This particular frugal article will concentrate on decorating/furnishing your kid’s bedroom in an inexpensive manner. Keep in mind that it is preferable to begin with a bare room. Provided you’re starting with a bare room, you’ll want to paint the walls before you bring everything else in. There are several ways to go with this.
Method #1: Do you want to use a durable, washable paint that resists stains and can be washed clean of crayons, markers, etc (i.e. Home Depot’s Behr Paints and Stains)? You’ll spend more on this type of paint but hopefully its durability will pay for itself.
Method #2- Just paint inexpensively with a discount paint and keep extra on hand to cover stains and drawings.
Personally, I would more likely than not go with Method #2 due to the fact that no matter how durable a paint manufacturer may say their product is; the unpredictability can be costly. Once you’ve decided on the overall paint method you can begin decorating the walls, if desired. Stencils are fun and there are many to choose from; and can be done in accent colors to incorporate later in the process. Wall hangings actually painted by the child, on cheap or used canvas will not only encourage the little artist in your child but can be something for him to be proud of regarding the decorating choices of his room. I would put money on the bet that your child puts out a better painting on that cheap or old canvas than are some hanging in some Foo Foo art galleries today. Not for nothing; I’m just saying.
Buying decals and stickers for the wall in cartoon or movie themes is great, but we’re trying to stay on the more inexpensive side. Tell your kid to paint a Sponge Bob on the canvas you got him. Now for the floor. There are going to be spills because the no food or drink in your bedroom rule was apparently meant to be broken; as with most rules. So once again, you either want to go durable with some type of stain resistance for easily cleanable; or paint (again keep extra for touch up’s), tile (don’t return or throw away unused pieces, you’ll need them for replacements) or hardwood with cheap throw rugs or large carpet remnants which can be cheaply purchased from dealers.
We’ve got the walls and floor done; now it’s time to furnish. Number one rule, stay away from sets. Even designers and manufacturers these days are making sets look less like sets and more like individual pieces. In past articles I’ve discussed breathing new life into old furniture and I really don’t want to reiterate in this particular article. Suffice it to say that a fresh coat of paint on an old beat up piece of decently made wood furniture does wonders. You can even paint with two different colors to coordinate the color scheme of the bedroom. This is where stickers and decals can come in handy if you’re going with a cartoon or favorite things theme. The details you will need for this will be far smaller and less expensive than the large decals you would’ve needed for the walls.
If you went with the old canvas painted by your child idea for him to hang on the walls, this can also be incorporated onto the furniture. Give each piece a decent base coat and accent those pieces with a tube of cheap, 97¢/tube hobby paint. Give the kid a picture of his favorite bug, animal or cartoon character, and let the madness begin. It would be nice if your child could tie that picture into the canvas picture(s) that he painted, to reinforce the theme you two have picked for the room. If painting dressers doesn’t exactly trip your trigger, colored stackable milk crates or the stackable, plastic bread trays/crates things you see in bakeries, work well for organizing clothes and other items.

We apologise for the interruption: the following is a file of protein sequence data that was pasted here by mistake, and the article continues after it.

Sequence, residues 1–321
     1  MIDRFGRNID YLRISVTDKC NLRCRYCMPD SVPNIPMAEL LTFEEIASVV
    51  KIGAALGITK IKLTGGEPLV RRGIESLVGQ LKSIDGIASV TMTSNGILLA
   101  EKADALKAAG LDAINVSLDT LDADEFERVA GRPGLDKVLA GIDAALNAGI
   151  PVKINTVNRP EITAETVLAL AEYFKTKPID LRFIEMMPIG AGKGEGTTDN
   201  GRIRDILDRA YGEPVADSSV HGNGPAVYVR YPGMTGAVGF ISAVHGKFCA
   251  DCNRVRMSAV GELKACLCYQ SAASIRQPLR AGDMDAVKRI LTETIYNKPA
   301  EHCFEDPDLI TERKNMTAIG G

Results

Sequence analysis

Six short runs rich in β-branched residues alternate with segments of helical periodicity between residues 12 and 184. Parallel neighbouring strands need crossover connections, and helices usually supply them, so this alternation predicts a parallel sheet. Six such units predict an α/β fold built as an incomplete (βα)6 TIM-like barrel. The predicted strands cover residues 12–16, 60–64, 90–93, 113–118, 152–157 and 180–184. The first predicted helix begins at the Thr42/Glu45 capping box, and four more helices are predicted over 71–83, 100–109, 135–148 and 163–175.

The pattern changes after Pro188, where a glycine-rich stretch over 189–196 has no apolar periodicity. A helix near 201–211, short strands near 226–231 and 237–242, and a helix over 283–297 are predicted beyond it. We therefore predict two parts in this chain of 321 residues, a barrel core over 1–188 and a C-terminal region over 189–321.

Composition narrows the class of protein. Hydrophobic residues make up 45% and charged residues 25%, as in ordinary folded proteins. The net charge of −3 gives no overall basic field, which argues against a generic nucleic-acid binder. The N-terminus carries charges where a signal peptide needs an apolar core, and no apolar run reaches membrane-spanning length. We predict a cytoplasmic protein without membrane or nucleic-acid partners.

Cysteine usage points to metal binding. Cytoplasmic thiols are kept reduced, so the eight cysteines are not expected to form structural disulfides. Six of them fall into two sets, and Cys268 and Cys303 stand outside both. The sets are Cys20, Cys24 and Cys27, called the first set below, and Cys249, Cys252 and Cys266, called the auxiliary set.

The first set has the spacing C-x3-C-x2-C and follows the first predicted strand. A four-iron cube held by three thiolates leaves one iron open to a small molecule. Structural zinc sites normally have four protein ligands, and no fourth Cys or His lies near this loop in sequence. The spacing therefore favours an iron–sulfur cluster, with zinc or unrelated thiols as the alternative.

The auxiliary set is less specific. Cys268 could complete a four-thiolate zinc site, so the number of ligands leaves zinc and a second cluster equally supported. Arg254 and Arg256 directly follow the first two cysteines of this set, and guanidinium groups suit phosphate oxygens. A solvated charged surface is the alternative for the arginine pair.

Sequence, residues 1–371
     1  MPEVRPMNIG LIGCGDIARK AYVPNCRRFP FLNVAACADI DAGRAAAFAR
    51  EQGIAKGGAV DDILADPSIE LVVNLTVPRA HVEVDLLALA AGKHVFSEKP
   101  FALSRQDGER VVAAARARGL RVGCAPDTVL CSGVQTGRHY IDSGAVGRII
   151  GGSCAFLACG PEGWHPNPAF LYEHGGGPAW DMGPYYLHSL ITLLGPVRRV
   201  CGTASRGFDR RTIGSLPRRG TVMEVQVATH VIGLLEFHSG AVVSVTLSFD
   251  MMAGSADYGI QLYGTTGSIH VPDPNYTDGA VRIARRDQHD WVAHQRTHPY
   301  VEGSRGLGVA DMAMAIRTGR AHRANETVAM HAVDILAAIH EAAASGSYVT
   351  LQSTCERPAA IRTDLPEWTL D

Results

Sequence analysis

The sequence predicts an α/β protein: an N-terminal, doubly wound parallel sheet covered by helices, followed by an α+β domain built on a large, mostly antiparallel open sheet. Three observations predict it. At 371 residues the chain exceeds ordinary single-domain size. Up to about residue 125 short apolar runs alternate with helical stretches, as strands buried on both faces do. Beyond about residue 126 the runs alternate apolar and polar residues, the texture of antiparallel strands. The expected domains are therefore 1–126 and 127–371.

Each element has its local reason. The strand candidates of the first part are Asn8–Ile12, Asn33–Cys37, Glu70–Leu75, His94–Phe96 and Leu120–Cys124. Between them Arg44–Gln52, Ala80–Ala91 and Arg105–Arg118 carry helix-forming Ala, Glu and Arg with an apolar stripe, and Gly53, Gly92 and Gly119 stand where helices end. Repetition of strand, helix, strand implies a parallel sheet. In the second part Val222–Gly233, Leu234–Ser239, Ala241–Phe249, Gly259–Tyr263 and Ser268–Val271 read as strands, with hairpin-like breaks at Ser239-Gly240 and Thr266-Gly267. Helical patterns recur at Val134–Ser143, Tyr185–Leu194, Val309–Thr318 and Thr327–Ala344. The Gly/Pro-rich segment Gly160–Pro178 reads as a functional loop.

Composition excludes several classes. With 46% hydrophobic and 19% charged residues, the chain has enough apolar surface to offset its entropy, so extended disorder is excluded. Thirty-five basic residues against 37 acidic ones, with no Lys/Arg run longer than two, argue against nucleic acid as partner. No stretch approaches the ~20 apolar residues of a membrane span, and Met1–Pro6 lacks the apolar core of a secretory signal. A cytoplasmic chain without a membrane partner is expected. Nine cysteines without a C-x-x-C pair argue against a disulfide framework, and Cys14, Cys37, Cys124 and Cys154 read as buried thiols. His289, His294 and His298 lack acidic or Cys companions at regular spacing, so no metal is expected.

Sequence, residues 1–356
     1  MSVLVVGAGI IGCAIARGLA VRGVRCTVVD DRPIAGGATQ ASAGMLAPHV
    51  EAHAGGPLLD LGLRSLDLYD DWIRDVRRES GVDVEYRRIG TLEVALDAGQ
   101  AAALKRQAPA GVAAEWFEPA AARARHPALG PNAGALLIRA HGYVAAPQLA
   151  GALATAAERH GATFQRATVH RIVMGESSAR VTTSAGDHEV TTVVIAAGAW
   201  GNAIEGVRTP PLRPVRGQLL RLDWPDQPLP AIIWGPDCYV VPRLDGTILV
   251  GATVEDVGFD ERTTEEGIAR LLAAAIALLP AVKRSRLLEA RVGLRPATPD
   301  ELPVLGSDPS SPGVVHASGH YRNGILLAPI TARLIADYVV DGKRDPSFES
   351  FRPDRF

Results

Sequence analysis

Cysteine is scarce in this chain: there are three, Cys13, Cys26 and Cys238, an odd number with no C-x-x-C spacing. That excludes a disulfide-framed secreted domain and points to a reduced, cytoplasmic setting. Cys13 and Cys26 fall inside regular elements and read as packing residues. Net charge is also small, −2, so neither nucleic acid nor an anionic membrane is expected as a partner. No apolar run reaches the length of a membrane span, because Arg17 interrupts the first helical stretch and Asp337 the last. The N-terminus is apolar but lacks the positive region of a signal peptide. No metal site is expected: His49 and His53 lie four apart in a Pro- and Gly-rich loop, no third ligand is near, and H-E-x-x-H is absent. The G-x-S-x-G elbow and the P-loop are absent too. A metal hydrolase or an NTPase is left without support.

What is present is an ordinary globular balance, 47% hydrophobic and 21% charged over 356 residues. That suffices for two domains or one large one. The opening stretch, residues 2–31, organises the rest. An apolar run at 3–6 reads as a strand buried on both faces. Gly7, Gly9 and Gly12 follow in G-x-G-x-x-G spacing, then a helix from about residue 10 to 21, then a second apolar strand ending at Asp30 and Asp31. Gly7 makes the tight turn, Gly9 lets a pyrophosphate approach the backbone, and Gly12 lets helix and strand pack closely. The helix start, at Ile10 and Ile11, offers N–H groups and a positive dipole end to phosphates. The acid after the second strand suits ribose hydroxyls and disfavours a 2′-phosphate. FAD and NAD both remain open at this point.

Hanging organizers (at a level that your child can reach) and shelves are another good way to avoid dressers. If a large desk is something you don’t have room for, the money for or the desire for; sometimes at auctions, flea markets or other types of resale stores you can find an old fashioned school desk (the kind with storage under the desktop and/or under the seat) for a decent price. As far as the bed goes as much fun as a race car or spaceship may be, we are once again going frugal. A day bed is a good way to go because when it’s not a bed, it’s a couch. Your child can have friends over and not have to sit on his bed in order to play, draw, trade cards or what have you. Rummage sales, flea markets and thrift stores are great for not only furniture pieces for you to resurrect, but for used for discontinued bed sheets. Of course you’ll need some for the bed, but if there’s a window in your child’s room decorative sheets make great curtains. Remember; don’t spend a bundle on these because that will defeat the purpose. Used, discontinued, hand me down cartoon or other themed bed sheets is what I’m talking about here for the curtains. Sometimes you can find bed sets that are irregular or flawed for ridiculously low prices.
This brings us to lighting. Cheap lamps purchased at the same place that you got the sheets can be refreshed and revitalized by several methods. Recovering a lampshade is a great way to spruce up an old lamp. Painting the existing lampshade is a fun and easy way to be creative in your decorating. Add some water to some old water based paints. You can either spray paint a lampshade or do it by hand as I was just describing. I saw the most amazing lampshade made by allowing paint to drip down the outside of the shade from along the top edge using different colors. Not only was it creatively imaginative it was a heck of a great looking lamp shade. As far as the base goes, spray paint or an old can of paint that you have sitting around should suffice. Decals or stickers are optional. So there you have it. We have not only redone and refurnished your kids bedroom, but redecorated it as well.